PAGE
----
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Agalsidase Alfa use while Breastfeeding

Medically reviewed by Last updated on Sep 11, 2022.

Agalsidase Alfa Levels and Effects while Breastfeeding

Summary of Use during Lactation

Agalsidase alfa is not approved for marketing in the United States by the U.S. Food and Drug Administration, but is available in other countries. Because it is a large protein molecule with a molecular weight of about 100,000, the amount in milk is likely to be very low and absorption is unlikely because it is probably destroyed in the infant's gastrointestinal tract. Six infants who were breastfed for periods up to 12 months by mothers taking agalsidase alfa experienced no adverse effects associated with the drug.

Drug Levels

Maternal Levels. Relevant published information was not found as of the revision date.

Infant Levels. Relevant published information was not found as of the revision date.

Effects in Breastfed Infants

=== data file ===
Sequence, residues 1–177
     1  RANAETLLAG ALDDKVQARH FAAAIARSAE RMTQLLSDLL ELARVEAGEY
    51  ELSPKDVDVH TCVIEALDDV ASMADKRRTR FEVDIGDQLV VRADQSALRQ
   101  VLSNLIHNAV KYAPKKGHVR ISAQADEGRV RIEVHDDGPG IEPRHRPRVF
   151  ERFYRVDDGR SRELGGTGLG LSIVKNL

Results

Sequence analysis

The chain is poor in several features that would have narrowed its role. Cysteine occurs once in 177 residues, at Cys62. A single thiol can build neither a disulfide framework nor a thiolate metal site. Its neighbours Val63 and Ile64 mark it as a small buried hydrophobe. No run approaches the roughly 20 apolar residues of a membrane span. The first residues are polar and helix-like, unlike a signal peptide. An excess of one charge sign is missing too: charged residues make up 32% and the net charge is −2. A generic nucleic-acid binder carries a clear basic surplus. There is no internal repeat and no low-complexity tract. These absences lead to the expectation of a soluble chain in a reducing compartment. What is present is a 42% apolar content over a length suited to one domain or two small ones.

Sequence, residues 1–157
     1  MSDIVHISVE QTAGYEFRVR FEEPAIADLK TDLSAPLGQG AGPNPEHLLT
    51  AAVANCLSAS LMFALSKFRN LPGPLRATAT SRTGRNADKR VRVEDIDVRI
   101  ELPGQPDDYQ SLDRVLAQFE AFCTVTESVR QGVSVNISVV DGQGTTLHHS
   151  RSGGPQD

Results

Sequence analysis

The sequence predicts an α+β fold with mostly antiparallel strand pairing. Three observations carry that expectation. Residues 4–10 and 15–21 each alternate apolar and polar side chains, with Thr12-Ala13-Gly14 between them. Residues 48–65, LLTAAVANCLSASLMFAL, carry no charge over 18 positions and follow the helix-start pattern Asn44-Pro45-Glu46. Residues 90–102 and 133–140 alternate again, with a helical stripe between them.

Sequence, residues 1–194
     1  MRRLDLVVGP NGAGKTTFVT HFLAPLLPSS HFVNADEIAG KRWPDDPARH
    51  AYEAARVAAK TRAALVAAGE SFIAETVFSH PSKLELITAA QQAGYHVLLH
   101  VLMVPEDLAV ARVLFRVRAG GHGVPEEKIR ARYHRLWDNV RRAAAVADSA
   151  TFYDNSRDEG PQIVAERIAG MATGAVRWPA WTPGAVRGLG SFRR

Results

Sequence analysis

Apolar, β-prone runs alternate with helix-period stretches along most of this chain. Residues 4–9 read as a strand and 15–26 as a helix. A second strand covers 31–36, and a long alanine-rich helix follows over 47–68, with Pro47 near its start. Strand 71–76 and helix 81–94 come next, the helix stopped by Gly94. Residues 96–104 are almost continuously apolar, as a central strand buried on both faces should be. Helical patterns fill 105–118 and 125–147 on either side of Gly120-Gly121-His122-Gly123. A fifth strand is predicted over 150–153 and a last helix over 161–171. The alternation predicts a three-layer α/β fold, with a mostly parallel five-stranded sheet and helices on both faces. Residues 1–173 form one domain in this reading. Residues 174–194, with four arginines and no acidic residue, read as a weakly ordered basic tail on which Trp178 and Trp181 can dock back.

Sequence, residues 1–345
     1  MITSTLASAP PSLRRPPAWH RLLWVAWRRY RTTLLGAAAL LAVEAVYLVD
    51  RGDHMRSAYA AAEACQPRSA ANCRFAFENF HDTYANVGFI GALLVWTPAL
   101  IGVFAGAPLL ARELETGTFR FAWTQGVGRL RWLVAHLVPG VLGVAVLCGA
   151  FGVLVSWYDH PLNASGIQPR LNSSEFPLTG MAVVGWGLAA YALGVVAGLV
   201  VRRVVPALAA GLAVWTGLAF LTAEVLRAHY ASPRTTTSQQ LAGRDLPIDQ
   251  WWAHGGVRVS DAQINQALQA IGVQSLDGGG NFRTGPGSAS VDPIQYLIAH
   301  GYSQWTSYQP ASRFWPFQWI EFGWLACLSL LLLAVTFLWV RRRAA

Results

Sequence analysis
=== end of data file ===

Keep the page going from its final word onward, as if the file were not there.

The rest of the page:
Six patients with Fabry disease were treated with agalsidase alfa 0.2 mg/kg every 2 weeks during pregnancy and postpartum. One infant partially breastfed for 10 months had asthma at age 4 years and an infant who was partially breastfed for 5 months had recurrent urinary tract infections up to 2 years, but was normal at the age of 5 years. Three infants who were exclusively breastfed for 6 months and partially breastfed until 12 months and one partially breastfed for 12 months were normal. None of the adverse effects appear to have been associated with agalsidase alfa.[1]

Effects on Lactation and Breastmilk

Relevant published information was not found as of the revision date.

Alternate Drugs to Consider

Agalsidase Beta


Fernandez P, Fernandez SO, Gonzalez JGM, et al. Enzyme replacement therapy in pregnant women with Fabry disease A case series. JIMD Rep. 2019;45:77–81. [PMC free article: PMC6336548] [PubMed: 30406505]

Substance Identification

Substance Name

Agalsidase Alfa

CAS Registry Number


Drug Class

Breast Feeding



Enzyme Replacement Therapy


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Further information

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